Third, appellants are unable to sustain their burden of establishing a denial of their right to present evidence before the bankruptcy court, as they have not provided a transcript of the dismissal hearing before the bankruptcy court. See FRAP 6(b) (2)-(ii); notes 1 & 10 supra. Without a transcript, it is impossible to determine whether appellants made the requisite evidentiary proffer or whether the rejection of any proffer constituted an abuse of discretion. See Fed.R.Evid. 103(a) (2) ("Error may not be predicated upon a ruling which ... excludes evidence unless ... the substance of the evidence was made known to the court by offer...."); see also Fed.R.Evid. 1101(b) ("These rules apply ... to proceedings and cases under title 11, United States Code.").

Appellants have not sustained their burden on any of their due process claims.11 

Section 1112(b) of the Bankruptcy Code empowers the bankruptcy court to dismiss a chapter 11 case "for cause, including--(1) continuing loss to or diminution of the estate and absence of a reasonable likelihood of rehabilitation; (2) inability to effectuate a plan; and (3) unreasonable delay by the debtor that is prejudicial to creditors." 11 U.S.C. § 1112(b) (1), (2), (3). See also id. § 102(3). The legislative history discloses a clear congressional intent to invest the bankruptcy court with "wide discretion ... to make an appropriate disposition of the case" and "to consider other factors as they arise, and use its equitable powers to reach an appropriate result in individual cases." H.R.Rep. No. 595, 95th Cong., 2d Sess. 406, reprinted in 1978 U.S.Code Cong. & Admin. News 5963, 6361-62. A bankruptcy court determination to dismiss a chapter 11 case for cause will be affirmed on appeal absent an abuse of discretion, see In re Northwest Place, Ltd., 108 B.R. 809, 813-14 (N.D. Ga. 1988), or the application of an erroneous legal standard.12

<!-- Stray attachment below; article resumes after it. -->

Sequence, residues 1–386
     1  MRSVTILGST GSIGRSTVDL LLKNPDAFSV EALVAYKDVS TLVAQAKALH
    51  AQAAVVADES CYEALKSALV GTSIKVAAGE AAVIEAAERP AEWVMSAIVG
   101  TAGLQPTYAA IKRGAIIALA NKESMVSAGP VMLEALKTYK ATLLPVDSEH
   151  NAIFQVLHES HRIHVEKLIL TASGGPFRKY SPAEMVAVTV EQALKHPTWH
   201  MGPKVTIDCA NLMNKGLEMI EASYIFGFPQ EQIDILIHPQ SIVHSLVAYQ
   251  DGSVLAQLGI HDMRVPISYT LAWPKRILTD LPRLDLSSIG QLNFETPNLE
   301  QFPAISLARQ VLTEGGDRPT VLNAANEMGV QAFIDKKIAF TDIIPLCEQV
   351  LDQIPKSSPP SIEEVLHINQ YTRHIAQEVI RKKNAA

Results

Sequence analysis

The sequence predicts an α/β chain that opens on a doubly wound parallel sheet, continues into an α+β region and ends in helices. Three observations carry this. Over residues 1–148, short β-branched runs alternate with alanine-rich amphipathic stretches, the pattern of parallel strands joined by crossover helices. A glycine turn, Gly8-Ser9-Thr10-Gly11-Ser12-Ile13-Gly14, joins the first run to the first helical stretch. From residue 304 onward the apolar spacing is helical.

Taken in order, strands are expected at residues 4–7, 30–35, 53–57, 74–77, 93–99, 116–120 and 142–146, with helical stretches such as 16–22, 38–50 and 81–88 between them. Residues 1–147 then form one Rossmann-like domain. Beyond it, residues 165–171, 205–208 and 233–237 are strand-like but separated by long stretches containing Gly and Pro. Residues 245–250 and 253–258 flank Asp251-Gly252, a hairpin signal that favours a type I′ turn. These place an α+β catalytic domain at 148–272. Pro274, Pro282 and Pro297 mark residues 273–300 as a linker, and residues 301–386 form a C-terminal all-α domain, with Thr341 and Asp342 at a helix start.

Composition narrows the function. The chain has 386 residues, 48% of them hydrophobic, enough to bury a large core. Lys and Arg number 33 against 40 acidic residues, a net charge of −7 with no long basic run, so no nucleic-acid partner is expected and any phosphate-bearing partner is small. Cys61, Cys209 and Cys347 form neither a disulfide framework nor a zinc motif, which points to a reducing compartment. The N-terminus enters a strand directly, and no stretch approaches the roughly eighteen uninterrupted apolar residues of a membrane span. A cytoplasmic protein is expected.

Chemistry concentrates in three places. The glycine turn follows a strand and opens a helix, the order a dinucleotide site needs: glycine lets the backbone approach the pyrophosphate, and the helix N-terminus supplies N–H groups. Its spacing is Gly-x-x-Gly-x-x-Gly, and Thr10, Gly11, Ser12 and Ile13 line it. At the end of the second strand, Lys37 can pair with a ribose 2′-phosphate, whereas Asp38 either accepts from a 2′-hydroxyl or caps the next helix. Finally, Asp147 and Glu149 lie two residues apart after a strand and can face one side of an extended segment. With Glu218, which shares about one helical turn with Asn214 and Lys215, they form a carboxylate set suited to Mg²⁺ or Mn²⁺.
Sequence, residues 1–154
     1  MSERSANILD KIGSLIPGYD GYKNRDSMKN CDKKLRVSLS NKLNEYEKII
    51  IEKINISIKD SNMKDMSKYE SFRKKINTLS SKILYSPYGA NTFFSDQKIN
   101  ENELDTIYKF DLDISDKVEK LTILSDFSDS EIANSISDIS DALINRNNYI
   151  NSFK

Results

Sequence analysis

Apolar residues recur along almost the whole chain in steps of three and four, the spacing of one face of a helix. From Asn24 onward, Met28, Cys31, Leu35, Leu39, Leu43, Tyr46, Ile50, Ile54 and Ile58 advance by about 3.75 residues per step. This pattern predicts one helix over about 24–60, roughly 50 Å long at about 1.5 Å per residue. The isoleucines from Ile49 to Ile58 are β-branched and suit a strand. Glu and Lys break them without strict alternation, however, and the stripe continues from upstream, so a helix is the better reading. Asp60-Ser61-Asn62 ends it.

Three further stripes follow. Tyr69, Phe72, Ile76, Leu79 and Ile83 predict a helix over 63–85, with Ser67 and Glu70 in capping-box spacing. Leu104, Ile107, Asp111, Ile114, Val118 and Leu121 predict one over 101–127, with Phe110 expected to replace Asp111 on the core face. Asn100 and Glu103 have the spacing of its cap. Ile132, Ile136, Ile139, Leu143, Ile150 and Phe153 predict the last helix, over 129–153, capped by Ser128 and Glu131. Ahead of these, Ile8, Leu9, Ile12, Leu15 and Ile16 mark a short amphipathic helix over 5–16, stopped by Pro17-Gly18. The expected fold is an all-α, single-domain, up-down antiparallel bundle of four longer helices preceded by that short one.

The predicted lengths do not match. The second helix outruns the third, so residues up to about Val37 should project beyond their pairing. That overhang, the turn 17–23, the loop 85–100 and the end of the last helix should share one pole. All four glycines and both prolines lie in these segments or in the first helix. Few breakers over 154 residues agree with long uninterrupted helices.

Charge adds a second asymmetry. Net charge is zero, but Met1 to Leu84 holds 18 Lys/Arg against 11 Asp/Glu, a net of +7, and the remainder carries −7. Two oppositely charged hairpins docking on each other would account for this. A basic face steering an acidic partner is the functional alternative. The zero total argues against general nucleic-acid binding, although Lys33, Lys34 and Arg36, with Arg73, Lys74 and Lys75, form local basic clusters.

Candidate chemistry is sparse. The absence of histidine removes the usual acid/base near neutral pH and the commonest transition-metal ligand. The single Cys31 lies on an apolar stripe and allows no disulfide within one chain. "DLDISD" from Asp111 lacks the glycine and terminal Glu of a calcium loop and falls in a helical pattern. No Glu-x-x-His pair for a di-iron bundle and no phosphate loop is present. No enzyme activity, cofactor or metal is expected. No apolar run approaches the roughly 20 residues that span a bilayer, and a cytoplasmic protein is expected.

On September 11, 1986--one year to the day after initiating the chapter 11 case involved in the present appeal--Abijoe submitted its proposed reorganization plan, see 11 U.S.C. § 1123, and its disclosure statement, see id. § 1125(b). The disclosure statement contained no financial statement, and but minimal identification and no valuation of assets. It offered an estimation of the total value of its unidentified assets, with no breakdown of assets and liabilities and no liquidation analysis. The disclosure statement expressed an intention to develop certain real property as a regional industrial park, but neither it nor the proposed plan identified prospective tenants or provided cash flow or expense projections.